Sure enough, it’s an SACD player. So I surfed over to the Best Buy website to double check the price and availability. Sure enough, it’s cheap and available. Well, lucky me, I just happen to have some Best Buy Bucks (a $100 gift card) staring me in the face that I got as a Christmas present. Knowing this player is only $149 made the decision (impulse actually) that much less painful. So looked over at my lovely wife, opened my mouth to say “I’m off to buy an SACD player.” and then I came to my senses. I just said, “I’ll be back in a few” and slid out the door.
Two hours and 200 bucks later I slithered back in the door. Remember what I said about feeding these damned things? There’s your proof. Well damn, I can’t buy an SACD player without having music to play in it, can I? Thus begins my tale of woe.
The Sony SCD-CD595 is a simple, no-frills SACD player. Unlike many of the Sony players, you don’t need to hook this thing to a TV to set it up. It’s just plug and play. It’s a five-disc player that can only handle CD’s and SACDs, sorry no DVD-Audio’s.
The 595 has a minimum amount of user definable features. Unlike its big brothers (the ES series and others), this player doesn’t have any filtering settings. It’s pretty basic. The only features you get beyond the most fundamental are the ability to turn the LED display off, switch between text and time modes, switch between CD and SACD mode, and the ability to two channel and multi channel modes.
The housing is your typical inexpensive case. Relatively thin sheet metal painted flat black to hide fingerprints. The faceplate is plastic. The buttons and controls on the front are all relatively easy to read and operate. The five disc tray is your typical plastic. It has a fairly smooth operation without being too clunky. The feet are just the plain old plastic jobs that don’t provide any (well much anyway) vibration isolation.
The remote is much like you would expect. It’s black plastic and the layout is fairly ergonomic. It does have a switch on it that allows you to control a second CD player. Trouble is, the second CD switch doesn’t conform to the Philips IR standard. Oh well.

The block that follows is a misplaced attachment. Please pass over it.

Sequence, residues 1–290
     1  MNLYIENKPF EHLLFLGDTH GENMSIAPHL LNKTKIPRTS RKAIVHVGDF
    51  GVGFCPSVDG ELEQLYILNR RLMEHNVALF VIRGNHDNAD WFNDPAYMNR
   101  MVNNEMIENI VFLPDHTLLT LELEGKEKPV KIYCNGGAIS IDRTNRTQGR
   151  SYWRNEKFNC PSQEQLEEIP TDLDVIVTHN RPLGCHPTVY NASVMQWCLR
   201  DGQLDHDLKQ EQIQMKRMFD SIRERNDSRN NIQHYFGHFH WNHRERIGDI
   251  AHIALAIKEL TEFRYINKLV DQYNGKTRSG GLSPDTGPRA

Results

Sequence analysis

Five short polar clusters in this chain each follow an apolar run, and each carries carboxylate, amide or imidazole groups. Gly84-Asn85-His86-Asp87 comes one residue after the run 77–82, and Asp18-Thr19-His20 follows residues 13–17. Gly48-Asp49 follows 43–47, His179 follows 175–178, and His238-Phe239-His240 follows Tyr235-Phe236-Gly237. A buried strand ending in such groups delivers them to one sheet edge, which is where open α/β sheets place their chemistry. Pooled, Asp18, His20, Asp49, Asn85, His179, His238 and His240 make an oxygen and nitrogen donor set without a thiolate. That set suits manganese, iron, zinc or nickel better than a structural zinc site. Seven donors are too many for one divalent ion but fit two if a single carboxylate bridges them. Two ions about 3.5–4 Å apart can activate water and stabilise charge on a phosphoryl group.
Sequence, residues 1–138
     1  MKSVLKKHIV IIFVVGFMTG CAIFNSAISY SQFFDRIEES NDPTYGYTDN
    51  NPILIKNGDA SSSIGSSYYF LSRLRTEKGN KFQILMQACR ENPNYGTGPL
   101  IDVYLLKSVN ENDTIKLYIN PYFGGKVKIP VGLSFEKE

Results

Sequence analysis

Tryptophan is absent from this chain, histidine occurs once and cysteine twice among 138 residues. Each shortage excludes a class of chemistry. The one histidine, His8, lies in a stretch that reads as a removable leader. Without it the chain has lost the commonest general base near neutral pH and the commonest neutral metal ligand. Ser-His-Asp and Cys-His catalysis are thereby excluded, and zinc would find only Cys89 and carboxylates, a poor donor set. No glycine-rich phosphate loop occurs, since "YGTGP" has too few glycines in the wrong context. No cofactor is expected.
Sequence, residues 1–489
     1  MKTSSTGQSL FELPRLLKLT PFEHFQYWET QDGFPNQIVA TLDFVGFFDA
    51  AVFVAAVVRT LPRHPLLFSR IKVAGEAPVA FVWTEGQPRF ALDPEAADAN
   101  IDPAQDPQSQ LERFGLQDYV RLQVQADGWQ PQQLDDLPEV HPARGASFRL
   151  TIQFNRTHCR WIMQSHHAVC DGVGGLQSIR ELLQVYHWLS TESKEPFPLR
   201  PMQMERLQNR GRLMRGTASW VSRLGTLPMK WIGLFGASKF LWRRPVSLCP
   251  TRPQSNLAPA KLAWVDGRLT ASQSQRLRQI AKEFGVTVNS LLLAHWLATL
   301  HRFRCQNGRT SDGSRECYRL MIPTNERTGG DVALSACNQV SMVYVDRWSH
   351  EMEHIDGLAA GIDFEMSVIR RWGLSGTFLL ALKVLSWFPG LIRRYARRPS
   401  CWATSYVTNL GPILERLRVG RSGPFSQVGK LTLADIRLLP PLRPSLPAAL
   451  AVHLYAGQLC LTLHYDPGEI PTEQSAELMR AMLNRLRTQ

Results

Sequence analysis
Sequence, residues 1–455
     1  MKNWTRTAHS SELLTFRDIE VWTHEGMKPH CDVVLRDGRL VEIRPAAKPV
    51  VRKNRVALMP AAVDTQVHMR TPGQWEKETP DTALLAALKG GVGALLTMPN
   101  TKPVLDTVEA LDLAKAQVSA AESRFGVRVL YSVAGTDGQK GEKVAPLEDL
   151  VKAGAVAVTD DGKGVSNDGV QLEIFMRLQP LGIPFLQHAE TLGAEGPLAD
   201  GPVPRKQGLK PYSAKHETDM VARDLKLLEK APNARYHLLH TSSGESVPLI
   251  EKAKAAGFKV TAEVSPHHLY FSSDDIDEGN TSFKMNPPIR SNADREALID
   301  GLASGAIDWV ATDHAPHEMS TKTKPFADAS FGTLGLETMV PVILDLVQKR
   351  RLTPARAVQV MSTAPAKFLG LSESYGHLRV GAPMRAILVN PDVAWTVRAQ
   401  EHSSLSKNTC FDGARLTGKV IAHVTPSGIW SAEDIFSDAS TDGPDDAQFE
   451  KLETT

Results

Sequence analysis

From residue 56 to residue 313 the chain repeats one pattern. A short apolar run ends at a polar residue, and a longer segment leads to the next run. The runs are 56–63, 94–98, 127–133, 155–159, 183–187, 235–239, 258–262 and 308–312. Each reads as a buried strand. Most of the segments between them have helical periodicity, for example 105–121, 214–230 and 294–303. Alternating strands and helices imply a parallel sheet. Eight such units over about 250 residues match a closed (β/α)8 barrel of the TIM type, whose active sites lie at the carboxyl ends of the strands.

On the back panel you will find all of the outputs. The 595 comes with a total of seven outputs, Front (left and right), Rear (left and right), Center Channel, Subwoofer and an Optical Digital Output. The Optical output only works in CD mode, so a tubed output buffer stage for the SACD channel isn’t available yet.
A while back I had one of the 595’s big brothers in the house for a few days or so. Tim, one of my friends, lent me his showroom 777ES demo so that we could do a “Vinyl is Better than SACD” demonstration for a group of local audio imbeciles (I proudly count myself as part of that group, TYVM). We all met at my Audio Pleasure Dome to perform the experiments. We hooked it all up to my Fleapowered System and started spinning black and silver discs. When all was said and done, we proved beyond a shadow of a doubt that the Earth still revolves around the Sun. One thing I discovered, as I peered threw the lens of the telescope, was that the Asteroid Belt was much closer than I thought it was going to be.
Needless to say, this had me hoping that this inexpensive little player would be a decent performer. I didn’t realize just how decent it would turn out to be. Right out of the box the 595 sounded pretty darned good. Granted, it was a little harsh and a tad bright but that didn’t scare me at all. Nearly every piece of electronic gear sounds bad when you first break them in.